Madeleine Thien’s sweeping inter-generational novel about the upheavals in the creation of modern China was the fourth book I picked up from the 2016 Man Booker Prize shortlist (the others being Paul Sellers’s The Sellout, which won that year; Deborah Levy’s Hot Milk; and Graeme Macrae Burnet’s His Bloody Project). Although I’ve read one or two shortlisted works in most years of the Prize, this is a total never reached before or, especially, since – the result, I suspect, from living in a place (Perth, at the time) with a bookshop offering the opportunities to browse; buying books off the ‘net is not the same when you can’t pick something up, feel its heft and read some of its prose (I’m a firm believer in the power if not always of the opening line then certainly of the opening paragraph or two).
Thien’s book – a family saga set against the background of actual historical events – certainly has heft: it weighs in at nearly 500 closely-typed pages; and its subject matter (China after the civil war which ended in 1949 with the triumph of Mao Zedong’s Communist-led army) has serious weight. Her title – and indeed her text – is well chosen: it’s drawn from the closing line of the first stanza of the Chinese version of The Internationale, identifying the need for people to rise up together in revolt. The Internationale became the anthem of the Chinese Soviet Republic established in 1931 and was also a rallying cry of the students at Tiananmen Square in 1989, whose events form the climax of this work. The forty years of history from 1949 to 1989 were tumultuous, with China experiencing famine, labour camps, repression and brutality, re-assignment of people to remote areas and unfamiliar work and a continuous state of struggle as the leaders sought to defend and entrench the revolution; although the 30 years since (25 at the time of the book’s publication) have seen much less of all five with leaders opting for a controlled bread and circuses approach, essentially subverting the words of the anthem. Neither, it must be said, did the experience of keeping people in a state of perpetual revolution contribute to the development of an improved society.
The changing nature of words and their subjective duality, forming a continuing quest for meaning in a context in which messages can be either apparent or buried in text, or can change given the different tones used in Chinese language, as well as be manipulated in the service of a powerful regime’s politics, forms much of Thien’s material. The early part of the work sees Li-ling, a young Chinese girl living in Vancouver who also goes by her English language name Marie and who is the novel’s narrator, striving to come to terms with the loss of her father, who died by suicide in Hong Kong in the months after the events at Tiananmen Square. She is simultaneously also dealing with the development of meaning in the Chinese characters of a letter sent to her mother and then in a series of notebook manuscripts. Later, this duality is given space in terms of music – the two families which form the core of the novel are connected by musicianship through study at the Shanghai Conservatory prior to the Cultural Revolution – and the extent to which artists performing another’s material are copying, or reproducing, that work or adding new meaning to it by nature of their own performance; or, for instance, by transcribing musical scores into jianpu, a numbered (mathematical) musical notation system. Given the artistic flair with which the characters forming Chinese language are drawn, the same can be said for writing words and slogans, or copying texts – one of the means by which one of the family branches communicates within and down the generations.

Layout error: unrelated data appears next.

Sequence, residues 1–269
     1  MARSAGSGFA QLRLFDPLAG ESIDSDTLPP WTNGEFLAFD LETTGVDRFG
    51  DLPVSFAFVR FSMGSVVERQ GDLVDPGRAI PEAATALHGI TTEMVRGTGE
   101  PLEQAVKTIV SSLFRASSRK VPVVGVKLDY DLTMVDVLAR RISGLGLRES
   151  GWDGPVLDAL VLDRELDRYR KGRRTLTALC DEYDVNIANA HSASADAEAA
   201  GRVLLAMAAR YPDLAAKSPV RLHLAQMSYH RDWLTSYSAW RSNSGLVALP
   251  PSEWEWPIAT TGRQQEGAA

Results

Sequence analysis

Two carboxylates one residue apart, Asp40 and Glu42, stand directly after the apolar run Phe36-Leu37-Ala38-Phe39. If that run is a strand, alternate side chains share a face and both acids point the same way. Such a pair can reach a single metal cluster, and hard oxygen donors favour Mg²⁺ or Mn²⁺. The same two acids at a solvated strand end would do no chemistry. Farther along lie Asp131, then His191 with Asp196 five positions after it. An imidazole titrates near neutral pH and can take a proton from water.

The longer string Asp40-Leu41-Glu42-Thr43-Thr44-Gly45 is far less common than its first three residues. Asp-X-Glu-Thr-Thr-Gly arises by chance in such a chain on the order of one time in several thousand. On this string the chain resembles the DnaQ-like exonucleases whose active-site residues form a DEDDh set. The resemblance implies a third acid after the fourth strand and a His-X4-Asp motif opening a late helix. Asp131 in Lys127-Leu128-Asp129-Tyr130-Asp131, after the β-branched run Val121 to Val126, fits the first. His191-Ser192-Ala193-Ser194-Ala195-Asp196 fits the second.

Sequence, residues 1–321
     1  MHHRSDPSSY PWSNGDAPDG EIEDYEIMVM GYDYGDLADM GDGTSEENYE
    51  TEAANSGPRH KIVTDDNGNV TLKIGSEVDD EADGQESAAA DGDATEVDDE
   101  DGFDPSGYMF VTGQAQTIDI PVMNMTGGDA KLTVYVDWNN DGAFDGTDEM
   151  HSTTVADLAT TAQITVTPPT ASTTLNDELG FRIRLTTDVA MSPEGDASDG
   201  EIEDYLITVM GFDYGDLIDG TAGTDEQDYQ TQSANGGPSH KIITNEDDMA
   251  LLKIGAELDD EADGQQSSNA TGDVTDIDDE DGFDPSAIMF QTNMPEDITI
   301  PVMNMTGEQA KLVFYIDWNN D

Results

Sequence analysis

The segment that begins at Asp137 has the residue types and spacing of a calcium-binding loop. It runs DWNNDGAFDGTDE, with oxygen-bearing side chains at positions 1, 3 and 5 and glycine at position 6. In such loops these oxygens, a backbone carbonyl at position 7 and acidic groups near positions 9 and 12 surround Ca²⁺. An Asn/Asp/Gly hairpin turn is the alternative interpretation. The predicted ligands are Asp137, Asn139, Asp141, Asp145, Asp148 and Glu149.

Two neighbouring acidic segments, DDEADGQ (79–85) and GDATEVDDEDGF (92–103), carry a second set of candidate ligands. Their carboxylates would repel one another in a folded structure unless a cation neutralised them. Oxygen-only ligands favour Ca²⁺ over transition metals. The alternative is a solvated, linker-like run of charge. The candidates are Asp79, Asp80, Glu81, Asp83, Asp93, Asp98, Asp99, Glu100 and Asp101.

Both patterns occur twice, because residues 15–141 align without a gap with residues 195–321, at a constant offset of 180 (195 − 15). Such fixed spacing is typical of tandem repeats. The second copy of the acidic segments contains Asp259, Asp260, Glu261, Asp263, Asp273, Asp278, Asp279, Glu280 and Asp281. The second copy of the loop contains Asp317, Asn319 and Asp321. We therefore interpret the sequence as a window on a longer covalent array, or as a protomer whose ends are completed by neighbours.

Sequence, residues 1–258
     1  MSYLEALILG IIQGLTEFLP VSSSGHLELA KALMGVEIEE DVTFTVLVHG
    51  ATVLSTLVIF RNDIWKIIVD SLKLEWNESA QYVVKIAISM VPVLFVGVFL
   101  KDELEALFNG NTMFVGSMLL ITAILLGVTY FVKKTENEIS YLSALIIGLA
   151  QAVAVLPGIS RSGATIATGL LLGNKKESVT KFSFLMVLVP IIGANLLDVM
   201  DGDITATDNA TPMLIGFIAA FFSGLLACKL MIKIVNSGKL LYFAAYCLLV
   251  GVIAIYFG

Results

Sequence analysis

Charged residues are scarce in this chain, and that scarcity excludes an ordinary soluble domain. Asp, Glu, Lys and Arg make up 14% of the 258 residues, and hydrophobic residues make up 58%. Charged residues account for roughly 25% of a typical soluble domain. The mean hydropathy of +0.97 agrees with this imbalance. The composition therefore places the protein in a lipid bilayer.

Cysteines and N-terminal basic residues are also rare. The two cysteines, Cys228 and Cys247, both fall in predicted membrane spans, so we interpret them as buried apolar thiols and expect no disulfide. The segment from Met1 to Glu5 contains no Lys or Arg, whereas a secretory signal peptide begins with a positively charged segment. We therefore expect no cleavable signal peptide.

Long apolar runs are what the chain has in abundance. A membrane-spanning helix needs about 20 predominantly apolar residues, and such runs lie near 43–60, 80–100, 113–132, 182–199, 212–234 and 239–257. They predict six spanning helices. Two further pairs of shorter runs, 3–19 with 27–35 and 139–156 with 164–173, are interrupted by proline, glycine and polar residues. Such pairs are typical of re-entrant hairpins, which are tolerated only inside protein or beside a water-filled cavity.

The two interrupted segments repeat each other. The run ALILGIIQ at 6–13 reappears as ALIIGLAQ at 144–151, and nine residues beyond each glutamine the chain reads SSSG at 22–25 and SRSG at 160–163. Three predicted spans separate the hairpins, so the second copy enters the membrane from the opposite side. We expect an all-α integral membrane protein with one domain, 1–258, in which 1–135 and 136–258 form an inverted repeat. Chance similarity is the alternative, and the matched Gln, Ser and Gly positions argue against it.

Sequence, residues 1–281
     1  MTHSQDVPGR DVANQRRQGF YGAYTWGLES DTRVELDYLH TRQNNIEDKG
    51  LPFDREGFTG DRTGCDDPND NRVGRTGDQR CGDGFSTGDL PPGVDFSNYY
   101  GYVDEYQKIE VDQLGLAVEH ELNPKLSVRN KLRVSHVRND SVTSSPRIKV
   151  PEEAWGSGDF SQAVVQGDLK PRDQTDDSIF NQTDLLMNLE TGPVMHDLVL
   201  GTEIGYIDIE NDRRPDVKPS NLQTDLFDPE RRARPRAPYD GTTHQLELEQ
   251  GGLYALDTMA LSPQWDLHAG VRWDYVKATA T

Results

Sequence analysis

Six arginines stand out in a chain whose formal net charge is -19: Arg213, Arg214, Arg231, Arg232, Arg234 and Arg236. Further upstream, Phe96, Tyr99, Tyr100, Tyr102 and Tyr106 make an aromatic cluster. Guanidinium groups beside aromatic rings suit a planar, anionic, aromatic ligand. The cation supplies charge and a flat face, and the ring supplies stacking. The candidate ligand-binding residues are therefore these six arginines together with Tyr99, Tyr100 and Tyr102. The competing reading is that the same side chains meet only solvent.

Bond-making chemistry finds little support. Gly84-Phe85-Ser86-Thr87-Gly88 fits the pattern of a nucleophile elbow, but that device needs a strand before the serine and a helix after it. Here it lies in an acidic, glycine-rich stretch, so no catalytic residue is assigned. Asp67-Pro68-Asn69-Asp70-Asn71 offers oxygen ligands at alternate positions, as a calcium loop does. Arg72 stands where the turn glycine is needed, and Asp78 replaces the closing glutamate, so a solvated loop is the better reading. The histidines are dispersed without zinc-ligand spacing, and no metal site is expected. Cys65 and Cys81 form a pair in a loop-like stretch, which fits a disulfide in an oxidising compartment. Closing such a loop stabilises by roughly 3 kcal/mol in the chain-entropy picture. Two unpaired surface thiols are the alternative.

The development of the novel’s plot is triggered by Ai-ming, a girl in her late teenage years, coming as a refugee to stay with Li-ling and her mother subsequent to her involvement in the student movement in Tiananmen Square in 1989. Ai-ming is the daughter of Sparrow, a composer and teacher at the Shanghai Conservatory whose work and parts of whose family history made him, at the time, suspicious in counter-revolutionary terms; while Li-ling’s father, Jiang Kai, was a skilled pianist and accompanist, and one of Sparrow’s students. Thien captures well the repression which Sparrow, whose life is at the centre of the novel, first experiences and then consciously develops as a means of survival in the face of the fear, grief and guilt sparked by the Cultural Revolution; and both him and Kai, who develops a different approach to the very same needs, are drawn hugely sympathetically. Both live for, as well as by, music and the impact of being denied this is different for each, driven by their own familial history and personal motivations while silence is explored not only as a way of dealing with grief but also in the context of the music of which it also forms a whole. The coming together of the daughters is the spark of the plot, leading Li-ling to uncover the layers of mystery in the backgrounds of the two families, but it is the fathers who are at the core of its development; while the fear of the sins of the fathers again being visited on the daughters, in a repetition of family history, tragedy and memory, lies at the core of Thien’s theme.